Dr. Horn, you said there were some specific things about couple counseling?
Are you hanging on by a thread?
The other approach is to discuss an issue that has caused great distress within the functioning of the couple. And then to begin to explore what is behind the situation at a deeper level. We might start by asking about the feelings involved in the disagreement. Then the search begins for how that feeling may have come into being. The conflict may be based more on a struggle involving an emotional injury in the long ago past that the current issue has tripped off. Behavioral strategies are often woven in as adjuncts. But the really important changes may involve the behavior of consciously changing thinking patterns There is a lot of research into marriages, and it is suggested that there are two basic approaches. One approach stresses behavioral changes, such as planning a date night, practicing new communication skills, etc. Yes, one issue concerns what kind of approach the therapist chooses. It is true that I use many approaches, techniques and interventions depending on the need of the client at the moment. However, I think an "emotionally focused" approach is the most effective as a framework for couples counseling. Because I believe so strongly in hearing each spouse from their point of view, I am usually able to connect with men. Men deserve a high level of respect, and that respect means to me that they are listened to intently and with sincere interest in their work and what they have to say about their views. Instead, I ask them to look at me and speak to me. I am able to listen quietly and focus on their concerns and perhaps delve deeper with gentle questions or educated guesses as questions. In that way, the spouse can express him or herself quietly and as fully as possible while the other spouse listens. It "models" for the other spouse how to listen, but more than that, it allows the other spouse to hear the true meaning of their partner's emotional distress. The other way that I try to help spouses and partners feel safe enough to explore themselves in the presence of their loved one, is to stress that we must keep things balanced. When I often articulate that I must be mindful of balance, spouses graciously allow their loved one to be heard. There are many other intertwining factors a therapist considers in couples counseling. There may be sidetrips on a journey that were not expected. I have tried to touch on these factors found in other pages that you might benefit by reading. You may not be coming to see me for a child, but you were a child once!
Dr. Horn, why have you left individual counseling until the very last? Don't most people call about individual counseling?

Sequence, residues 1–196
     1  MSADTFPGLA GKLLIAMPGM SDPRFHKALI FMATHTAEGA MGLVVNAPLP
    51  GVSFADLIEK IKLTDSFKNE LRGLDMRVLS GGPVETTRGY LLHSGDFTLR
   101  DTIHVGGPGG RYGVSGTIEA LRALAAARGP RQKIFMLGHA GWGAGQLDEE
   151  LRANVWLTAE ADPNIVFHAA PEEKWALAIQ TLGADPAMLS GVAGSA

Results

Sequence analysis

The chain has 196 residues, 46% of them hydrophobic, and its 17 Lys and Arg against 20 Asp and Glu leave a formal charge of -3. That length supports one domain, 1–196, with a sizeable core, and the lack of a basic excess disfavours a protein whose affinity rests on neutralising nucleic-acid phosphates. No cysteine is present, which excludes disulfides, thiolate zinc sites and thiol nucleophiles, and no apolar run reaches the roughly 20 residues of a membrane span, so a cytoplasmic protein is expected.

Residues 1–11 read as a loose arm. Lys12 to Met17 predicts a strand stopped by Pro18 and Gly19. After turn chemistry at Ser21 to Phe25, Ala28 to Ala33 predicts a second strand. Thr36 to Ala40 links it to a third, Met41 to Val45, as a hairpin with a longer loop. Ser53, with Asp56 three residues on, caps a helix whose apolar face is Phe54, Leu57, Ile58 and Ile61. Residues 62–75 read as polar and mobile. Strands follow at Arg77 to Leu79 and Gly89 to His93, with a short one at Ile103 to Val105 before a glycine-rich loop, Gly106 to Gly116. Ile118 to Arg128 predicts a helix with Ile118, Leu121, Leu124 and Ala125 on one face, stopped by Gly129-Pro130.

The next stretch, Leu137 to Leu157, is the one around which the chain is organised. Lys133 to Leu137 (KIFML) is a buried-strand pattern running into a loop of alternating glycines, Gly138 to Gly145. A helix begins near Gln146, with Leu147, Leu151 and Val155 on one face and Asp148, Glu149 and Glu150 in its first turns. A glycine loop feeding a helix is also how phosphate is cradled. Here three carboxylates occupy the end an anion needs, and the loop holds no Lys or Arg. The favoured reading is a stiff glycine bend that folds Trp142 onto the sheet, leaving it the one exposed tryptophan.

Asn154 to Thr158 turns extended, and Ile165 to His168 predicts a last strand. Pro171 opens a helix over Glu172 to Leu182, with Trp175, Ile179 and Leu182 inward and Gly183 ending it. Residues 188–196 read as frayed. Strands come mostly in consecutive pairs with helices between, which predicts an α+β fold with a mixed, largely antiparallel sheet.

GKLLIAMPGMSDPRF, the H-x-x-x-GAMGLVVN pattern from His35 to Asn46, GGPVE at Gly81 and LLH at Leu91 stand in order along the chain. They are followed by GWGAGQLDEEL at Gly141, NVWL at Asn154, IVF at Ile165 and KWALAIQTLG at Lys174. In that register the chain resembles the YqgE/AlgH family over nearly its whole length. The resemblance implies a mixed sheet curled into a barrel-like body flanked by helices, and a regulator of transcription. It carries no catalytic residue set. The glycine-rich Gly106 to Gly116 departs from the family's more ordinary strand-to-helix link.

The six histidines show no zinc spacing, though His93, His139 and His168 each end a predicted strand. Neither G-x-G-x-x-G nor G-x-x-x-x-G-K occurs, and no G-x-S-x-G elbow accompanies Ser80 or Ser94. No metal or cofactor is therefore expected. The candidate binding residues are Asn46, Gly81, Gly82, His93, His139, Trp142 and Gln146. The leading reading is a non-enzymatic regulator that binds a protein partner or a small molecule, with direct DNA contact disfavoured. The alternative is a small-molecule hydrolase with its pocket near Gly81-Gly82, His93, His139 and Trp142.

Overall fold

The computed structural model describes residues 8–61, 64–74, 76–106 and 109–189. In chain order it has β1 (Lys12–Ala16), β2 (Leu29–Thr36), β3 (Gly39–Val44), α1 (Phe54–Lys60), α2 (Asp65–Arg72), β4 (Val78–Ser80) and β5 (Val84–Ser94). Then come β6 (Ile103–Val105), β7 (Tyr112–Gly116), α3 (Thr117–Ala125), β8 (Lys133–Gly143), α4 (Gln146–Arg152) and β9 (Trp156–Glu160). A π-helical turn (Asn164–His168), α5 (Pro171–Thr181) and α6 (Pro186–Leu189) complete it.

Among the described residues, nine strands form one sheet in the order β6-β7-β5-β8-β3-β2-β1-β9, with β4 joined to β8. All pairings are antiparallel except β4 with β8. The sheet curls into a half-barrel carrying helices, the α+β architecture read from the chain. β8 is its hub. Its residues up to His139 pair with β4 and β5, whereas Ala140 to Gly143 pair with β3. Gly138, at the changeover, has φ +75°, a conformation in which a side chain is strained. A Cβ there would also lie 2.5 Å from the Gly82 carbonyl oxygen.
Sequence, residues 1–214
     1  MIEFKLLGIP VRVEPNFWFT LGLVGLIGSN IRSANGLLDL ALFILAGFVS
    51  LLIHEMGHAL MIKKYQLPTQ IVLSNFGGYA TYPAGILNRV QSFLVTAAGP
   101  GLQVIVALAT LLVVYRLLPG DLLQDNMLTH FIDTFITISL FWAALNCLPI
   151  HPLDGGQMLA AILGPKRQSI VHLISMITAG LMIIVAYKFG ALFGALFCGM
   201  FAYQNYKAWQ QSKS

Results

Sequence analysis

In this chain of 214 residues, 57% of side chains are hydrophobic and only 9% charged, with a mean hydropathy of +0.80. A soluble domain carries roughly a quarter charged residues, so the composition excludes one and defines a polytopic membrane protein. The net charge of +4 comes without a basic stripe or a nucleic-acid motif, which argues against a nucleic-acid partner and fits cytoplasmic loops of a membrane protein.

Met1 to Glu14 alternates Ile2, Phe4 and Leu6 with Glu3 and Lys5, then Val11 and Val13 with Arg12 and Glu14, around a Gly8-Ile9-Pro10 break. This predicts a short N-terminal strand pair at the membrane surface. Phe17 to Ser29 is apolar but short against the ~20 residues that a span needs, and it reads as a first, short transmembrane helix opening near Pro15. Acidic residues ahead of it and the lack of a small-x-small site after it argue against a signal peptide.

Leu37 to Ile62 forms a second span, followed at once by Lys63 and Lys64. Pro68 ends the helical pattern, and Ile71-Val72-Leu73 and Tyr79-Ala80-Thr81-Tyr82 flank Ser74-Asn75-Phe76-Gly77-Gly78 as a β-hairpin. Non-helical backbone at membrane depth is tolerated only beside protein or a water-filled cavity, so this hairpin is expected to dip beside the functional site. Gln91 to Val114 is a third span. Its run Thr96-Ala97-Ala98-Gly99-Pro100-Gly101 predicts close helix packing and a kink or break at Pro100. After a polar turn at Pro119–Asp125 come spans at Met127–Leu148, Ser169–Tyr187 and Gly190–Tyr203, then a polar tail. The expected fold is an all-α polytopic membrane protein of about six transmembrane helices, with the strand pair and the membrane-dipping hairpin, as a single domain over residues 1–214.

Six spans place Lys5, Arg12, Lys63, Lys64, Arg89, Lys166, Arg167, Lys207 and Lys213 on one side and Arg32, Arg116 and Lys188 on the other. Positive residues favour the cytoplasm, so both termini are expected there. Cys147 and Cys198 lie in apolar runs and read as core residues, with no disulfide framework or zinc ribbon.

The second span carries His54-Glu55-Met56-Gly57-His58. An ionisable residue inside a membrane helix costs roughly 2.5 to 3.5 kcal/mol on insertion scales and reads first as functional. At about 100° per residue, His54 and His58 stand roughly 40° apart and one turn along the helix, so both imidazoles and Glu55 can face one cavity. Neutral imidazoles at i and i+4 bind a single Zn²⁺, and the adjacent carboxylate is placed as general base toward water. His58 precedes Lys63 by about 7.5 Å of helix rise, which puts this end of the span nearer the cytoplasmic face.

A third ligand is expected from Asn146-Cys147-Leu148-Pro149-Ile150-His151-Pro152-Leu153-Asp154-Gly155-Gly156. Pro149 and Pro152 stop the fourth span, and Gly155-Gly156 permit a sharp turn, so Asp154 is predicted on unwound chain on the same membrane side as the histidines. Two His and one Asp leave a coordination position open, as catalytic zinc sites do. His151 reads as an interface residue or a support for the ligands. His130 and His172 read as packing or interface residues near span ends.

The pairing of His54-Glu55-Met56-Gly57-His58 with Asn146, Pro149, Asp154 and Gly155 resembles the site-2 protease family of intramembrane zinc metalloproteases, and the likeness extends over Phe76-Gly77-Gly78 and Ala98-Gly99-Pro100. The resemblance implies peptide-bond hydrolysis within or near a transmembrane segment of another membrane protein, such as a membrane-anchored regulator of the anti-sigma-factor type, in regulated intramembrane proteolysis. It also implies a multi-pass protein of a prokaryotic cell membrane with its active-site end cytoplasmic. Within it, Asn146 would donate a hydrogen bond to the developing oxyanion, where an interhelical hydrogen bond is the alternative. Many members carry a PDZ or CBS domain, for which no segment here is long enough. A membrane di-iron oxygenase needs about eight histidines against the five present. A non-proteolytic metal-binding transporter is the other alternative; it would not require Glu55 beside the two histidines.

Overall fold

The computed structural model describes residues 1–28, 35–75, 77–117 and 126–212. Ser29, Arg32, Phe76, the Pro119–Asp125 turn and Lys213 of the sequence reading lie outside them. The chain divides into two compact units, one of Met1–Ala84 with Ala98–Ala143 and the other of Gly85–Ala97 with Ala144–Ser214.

It is often true that people call asking for counseling for themselves. But in my way of thinking, all these other "types" of counseling are a knowledge base or foundation for individual counseling. In "About Dr. Horn" you will also find that it is important to consider what you (and your loved one) bring to the table in terms of genetics. Our genetics can sometimes cause great anguish, but I have a strong belief that we can manage conditions that we did not ask for and wish that we did not have. It is never really clear at first whether the individual will go on a solo journey of self-exploration and self-growth with their chosen guide or whether they will invite others who are important in their lives to go along. We "play it by ear." Hearing differing views is demonstrated, hopefully, in many ways, but two important ways come to mind. First, I do not "allow" couples to begin their round-robins of arguing, the broken records that they play over and over at home, if this is one of the stresses they experience.
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INDIVIDUAL AND COUPLE COUNSELING
Yet, women often fear that their "charming" husband will succeed in making her look bad--that he will completely sway me and, thus, overpower my opinions with his words. I can only tell wives that, though I am soft-spoken and try to be gentle and kind, I think for myself. Many women take a wait-and-see attitude. It is often a thrilling experience when someone is able to dig down and see something that has never been put together consciously before as the other listens and hears it, too. Thrilling for all three of us. We very often then begin to set off on our journey together.
Hemmed in from all sides?
Dr. Horn says, "Yes, but I see a lot of courage and determination within you."
As I said above, we were all once children and we were adolescents, we had parents with marriages/relationships, we grew up in some sort of family, if not a traditional family, we may be in a relationship ourselves, or want a relationship, we may have lost someone with whom we had an important relationship.